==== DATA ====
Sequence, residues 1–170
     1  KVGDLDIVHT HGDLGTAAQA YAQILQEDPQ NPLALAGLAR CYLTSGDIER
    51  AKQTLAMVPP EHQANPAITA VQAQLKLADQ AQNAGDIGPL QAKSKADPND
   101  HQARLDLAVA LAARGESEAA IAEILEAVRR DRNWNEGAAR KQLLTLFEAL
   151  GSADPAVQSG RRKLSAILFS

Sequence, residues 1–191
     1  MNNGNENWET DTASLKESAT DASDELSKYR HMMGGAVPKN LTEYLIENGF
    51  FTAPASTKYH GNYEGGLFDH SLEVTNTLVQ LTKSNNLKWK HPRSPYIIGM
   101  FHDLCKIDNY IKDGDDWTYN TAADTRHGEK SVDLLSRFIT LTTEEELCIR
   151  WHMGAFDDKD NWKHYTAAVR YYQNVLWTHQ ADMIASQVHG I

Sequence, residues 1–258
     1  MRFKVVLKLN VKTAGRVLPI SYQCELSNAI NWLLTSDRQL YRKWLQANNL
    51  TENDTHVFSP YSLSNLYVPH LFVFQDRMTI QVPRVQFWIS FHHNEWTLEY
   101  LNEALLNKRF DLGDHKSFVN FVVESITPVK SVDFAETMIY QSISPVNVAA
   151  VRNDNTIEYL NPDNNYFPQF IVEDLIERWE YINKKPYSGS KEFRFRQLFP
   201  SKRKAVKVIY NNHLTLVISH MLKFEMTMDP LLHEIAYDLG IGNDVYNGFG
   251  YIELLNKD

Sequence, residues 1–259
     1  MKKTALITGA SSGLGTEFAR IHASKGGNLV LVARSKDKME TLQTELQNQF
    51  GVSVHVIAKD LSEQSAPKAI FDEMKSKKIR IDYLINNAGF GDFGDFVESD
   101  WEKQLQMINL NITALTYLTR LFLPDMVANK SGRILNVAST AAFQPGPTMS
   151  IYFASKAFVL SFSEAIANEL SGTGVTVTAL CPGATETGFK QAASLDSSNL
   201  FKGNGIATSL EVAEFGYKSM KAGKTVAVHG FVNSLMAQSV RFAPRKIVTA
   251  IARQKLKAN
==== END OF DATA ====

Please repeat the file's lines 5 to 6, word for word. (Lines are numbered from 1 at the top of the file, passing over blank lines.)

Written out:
   151  GSADPAVQSG RRKLSAILFS

Sequence, residues 1–191